George Clooney: [mimics being an old man and shouting random things out, while laughing] I don’t worry about it because, you know, the option is death! So, getting older is not something that you’re not much concerned with. I kept putting those old man jokes in because it was a project that I was looking to do 10 years earlier, when I would have been about the right age to be too old to be playing football. So, I did keep putting in old man jokes. But I find that the best thing with those things, especially with directing, is to have other options so that you’re not just relying on what people will think about you in front of the camera.

Q. As both director and star, how physical were the football scenes?
George Clooney: There’s this awful moment when you’re 46 and you get hit and it hurts. So, you get up and say: “OK, that’s good, we got it.” And you go to the monitor and you’re looking at it and as a director you know you’ve got to do it again. But as me, I was like: “I think we got it!” But then Grant [Heslov], the producer, is sitting there and going: “Back out, get out there and shoot it again.” I’m like “shit”! The first day, you’re running 100 yard dashes back and forth and you do it for a couple of days and realise there’s 65 more days of it [laughs]. And you don’t want your director to be covered in mud.

Q. Is it true that you tried out for the Cincinnati Reds and are you a fan of American Football and the way the game has moved on since the time you depict in the film?
George Clooney: Well, I did have two trials for the Cincinnati Reds. I only lacked talent. All the rest of it I had. The uniform I had down. We didn’t have a football team at my high school, it was a very small school. But we played sand block football and it sort of reminded me of this kind of football. Listen, I’m a football fan, I like the game. But I also really like… right now what just finished in America last night is, I think, one of the most fun time in sport – the final four of the college basketball. What’s fun about it is, although it is commercial, is that it’s kids playing for a team and for spirit and that kind of thing. It’s so much more exciting than when it gets to be very big pay. I think that’s sort of the fun of it and that’s why I can relate to that kind of thing.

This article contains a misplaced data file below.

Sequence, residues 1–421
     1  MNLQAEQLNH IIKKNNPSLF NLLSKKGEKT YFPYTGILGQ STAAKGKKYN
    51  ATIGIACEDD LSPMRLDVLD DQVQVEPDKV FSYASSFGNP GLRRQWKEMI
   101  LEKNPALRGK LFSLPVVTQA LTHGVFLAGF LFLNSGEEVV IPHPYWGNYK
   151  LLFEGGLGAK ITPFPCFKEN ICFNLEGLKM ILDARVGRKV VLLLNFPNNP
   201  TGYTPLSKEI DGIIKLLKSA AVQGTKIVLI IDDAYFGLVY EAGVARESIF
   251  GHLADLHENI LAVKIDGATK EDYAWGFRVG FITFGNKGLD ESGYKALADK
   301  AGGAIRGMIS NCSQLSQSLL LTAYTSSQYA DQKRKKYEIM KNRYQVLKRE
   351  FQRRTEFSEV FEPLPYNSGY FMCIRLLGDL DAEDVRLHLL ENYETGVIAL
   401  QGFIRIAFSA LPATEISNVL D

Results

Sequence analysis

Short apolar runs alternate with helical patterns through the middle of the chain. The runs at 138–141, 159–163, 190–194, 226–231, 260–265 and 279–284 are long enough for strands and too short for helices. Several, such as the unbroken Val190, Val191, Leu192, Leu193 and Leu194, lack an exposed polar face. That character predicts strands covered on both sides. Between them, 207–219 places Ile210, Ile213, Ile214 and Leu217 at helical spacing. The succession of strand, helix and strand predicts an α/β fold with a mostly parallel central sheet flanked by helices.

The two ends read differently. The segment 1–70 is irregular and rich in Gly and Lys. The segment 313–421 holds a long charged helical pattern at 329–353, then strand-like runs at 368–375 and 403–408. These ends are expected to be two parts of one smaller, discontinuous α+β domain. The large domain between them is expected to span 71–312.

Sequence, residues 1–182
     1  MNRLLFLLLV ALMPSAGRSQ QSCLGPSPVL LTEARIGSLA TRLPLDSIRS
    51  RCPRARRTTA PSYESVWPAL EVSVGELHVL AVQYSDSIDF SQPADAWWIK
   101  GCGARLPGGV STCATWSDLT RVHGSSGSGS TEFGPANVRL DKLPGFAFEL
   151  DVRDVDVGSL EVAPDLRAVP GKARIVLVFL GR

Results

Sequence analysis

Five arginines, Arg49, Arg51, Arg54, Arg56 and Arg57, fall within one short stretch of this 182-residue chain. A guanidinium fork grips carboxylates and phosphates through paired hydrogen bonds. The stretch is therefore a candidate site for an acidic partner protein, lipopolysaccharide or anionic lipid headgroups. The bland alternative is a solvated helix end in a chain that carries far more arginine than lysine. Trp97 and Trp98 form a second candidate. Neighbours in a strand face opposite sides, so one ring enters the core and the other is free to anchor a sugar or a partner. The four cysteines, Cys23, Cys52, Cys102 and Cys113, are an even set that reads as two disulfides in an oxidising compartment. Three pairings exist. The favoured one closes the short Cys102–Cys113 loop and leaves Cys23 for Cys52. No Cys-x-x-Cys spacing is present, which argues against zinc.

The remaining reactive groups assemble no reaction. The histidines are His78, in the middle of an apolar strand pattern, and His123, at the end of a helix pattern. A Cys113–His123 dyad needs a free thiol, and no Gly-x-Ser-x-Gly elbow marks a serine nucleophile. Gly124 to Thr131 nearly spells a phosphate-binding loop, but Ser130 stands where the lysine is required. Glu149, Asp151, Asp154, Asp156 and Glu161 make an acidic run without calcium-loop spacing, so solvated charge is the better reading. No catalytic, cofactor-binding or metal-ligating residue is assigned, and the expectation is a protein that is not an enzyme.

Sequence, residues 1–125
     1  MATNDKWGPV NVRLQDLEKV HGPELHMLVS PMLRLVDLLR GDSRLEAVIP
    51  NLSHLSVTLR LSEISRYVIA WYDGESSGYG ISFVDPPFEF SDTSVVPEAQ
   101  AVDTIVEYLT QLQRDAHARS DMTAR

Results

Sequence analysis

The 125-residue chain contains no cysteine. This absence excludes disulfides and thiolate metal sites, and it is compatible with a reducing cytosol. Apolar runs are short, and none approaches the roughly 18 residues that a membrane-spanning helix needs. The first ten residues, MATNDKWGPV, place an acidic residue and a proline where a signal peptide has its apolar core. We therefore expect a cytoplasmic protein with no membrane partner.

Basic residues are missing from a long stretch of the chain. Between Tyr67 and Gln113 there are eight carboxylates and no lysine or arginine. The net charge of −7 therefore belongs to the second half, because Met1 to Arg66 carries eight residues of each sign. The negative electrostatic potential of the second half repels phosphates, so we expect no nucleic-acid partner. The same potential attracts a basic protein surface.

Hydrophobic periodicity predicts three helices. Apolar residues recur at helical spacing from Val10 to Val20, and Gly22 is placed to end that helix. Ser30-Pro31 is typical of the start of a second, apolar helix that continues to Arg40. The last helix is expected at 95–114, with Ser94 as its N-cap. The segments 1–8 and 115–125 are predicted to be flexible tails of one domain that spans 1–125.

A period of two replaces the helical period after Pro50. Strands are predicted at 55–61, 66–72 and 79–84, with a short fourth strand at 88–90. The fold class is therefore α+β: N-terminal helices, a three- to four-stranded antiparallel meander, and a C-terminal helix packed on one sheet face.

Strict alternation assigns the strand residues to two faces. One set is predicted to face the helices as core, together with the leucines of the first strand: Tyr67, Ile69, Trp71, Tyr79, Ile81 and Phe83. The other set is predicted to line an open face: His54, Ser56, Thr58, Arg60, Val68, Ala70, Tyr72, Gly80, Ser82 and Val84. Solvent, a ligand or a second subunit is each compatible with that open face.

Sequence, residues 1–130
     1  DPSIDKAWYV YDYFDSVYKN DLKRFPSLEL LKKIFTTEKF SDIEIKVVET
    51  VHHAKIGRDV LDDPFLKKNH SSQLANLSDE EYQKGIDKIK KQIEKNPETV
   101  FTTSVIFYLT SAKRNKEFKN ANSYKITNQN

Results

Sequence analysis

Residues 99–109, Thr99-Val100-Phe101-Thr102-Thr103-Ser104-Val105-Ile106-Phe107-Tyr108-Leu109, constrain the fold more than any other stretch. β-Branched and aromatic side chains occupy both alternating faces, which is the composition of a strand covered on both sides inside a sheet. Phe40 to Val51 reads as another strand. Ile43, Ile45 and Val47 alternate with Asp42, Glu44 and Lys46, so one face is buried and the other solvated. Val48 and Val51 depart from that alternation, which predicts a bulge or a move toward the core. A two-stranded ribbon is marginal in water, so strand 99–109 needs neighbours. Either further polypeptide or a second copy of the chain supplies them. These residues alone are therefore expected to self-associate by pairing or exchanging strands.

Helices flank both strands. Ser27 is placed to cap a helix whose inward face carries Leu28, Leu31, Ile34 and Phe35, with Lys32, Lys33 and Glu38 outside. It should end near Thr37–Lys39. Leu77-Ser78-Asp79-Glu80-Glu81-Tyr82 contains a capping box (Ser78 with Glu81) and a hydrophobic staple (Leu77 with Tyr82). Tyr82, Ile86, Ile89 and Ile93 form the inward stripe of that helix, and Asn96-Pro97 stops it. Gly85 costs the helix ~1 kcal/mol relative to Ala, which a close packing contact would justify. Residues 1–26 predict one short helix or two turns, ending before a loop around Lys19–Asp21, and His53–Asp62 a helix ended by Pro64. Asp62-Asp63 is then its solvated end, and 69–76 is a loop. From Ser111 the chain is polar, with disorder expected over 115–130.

Q. Is there any sport that you find incomprehensible?
George Clooney: Cricket… I think that’s probably what baseball is to you guys. The rules are just different enough that you can’t quite figure them out. I remember shooting a movie in Montreal and the first day I turned on the TV it was curling on every channel. At first I was like: “What the hell? My God, have something more on!” And then by like the third month they couldn’t get me out of the hotel room. I was like: “Hang on! That’s proper technique, they’ve got a different shoe…” I guess you can figure them out when you spend a little time there.

Q. It seems to me that you’ve shown greater variety in your three films as director to date than some directs manage in a lifetime. Is that by design?
George Clooney: It’s not necessarily by design. It’s really and truly trying to do different things. The terror is that you get stuck with people thinking you’re only allowed to do one thing, and so the trick to me is I’m interested in a lot of different genres and a lot of different kinds of filmmaking. Sometimes I do it well and sometimes I don’t, but I enjoy the process and I’m sort of on this constant… there’s something really exciting about being in this position where you can say “I want to go and make this film and people will make it.” You know, it doesn’t last very long in your career, you don’t get that to last very long, so while you have all the toys you want to be able to play with them all before they make you put them in the box and go back to the SAG retirement home.